Market Trends - Through the Looking Glass

By Kimberly Shogren. Edited and Illustrated by DeYoung. Added 02/01/08.

Just What is Going On Here?

Tonight is the season premiere of ABC’s smash hit LOST. The station recently re-aired last season’s finale, and unlike in previous episodes where flashbacks were looking backwards, the storyline featured vignettes that peered into the future. The episode was called “Through The Looking Glass.”

looking glassA looking glass, of course, is defined as a mirror for people to look at themselves in. Culturally, it refers to Through the Looking-Glass , a children's story (1871) by British writer Lewis Carroll. In this inspired sequel to Alice's Adventures in Wonderland, Alice climbs through a mirror into a magical world where chess pieces come alive, and flowers, insects, and animals all talk. The story features bizarre characters such as Tweedledum and Tweedledee and Humpty Dumpty, and the well-known poems "Jabberwocky" and "The Walrus and the Carpenter."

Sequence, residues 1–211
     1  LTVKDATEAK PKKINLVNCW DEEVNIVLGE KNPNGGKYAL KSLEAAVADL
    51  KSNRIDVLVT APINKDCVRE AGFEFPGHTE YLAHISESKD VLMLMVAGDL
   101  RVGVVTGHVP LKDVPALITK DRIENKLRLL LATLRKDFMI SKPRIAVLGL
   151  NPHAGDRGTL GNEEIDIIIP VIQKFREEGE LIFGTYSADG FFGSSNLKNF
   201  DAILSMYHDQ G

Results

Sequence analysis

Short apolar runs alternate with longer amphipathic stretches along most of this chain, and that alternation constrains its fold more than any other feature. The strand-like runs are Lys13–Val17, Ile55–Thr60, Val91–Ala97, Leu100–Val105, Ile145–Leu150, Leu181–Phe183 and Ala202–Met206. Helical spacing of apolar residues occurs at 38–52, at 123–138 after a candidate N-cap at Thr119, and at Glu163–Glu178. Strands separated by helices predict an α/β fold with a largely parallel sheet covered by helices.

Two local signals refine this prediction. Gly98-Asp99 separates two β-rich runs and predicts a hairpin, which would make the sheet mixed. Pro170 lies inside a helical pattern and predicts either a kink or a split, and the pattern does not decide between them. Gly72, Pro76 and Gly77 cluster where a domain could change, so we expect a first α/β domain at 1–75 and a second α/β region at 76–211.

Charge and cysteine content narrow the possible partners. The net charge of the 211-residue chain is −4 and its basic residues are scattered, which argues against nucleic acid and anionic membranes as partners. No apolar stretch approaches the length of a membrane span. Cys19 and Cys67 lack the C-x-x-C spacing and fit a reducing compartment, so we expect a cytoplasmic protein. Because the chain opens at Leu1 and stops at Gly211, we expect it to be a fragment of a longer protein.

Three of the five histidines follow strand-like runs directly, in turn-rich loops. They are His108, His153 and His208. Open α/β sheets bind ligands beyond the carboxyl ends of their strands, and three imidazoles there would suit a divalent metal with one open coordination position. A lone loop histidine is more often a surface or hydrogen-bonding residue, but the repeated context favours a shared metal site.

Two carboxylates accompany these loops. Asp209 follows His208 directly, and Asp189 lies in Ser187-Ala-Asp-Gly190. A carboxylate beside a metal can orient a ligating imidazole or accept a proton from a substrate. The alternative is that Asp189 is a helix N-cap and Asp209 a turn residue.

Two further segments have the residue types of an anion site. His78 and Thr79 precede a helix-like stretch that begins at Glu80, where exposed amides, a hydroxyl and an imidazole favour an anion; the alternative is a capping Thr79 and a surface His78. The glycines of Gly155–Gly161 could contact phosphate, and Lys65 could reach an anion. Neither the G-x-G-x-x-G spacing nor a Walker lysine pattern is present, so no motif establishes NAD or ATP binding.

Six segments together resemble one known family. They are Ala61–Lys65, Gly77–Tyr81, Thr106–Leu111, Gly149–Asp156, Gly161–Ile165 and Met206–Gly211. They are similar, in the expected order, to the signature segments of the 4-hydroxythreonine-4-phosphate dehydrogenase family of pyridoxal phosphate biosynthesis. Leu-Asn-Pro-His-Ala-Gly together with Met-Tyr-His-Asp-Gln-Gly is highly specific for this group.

For all of those folks who have just recently plunged into the world of the PRE horse, a description of the current state of organizations, registries and sales markets could look very much like an equine version of the story. The jargon, descriptions, and claims are confusing and intertwined.

The U.S. Andalusian horse industry in recent years has been marred by  rumors of Hollywood influence, alleged extortion, slander and even a nasty video on YouTube. The breed has not fared much better in Spain. Should owners, breeders and enthusiasts turn a cheek to these events? Or should they react? A middle way would seem most appropriate. Question, challenge, get the facts, and make your own decision based on analytical evidence. After all, hopefully we’ve conquered our childhood playground demons and are ready to look at the real challenges that face our breed through the eyes of adult wisdom and clarity.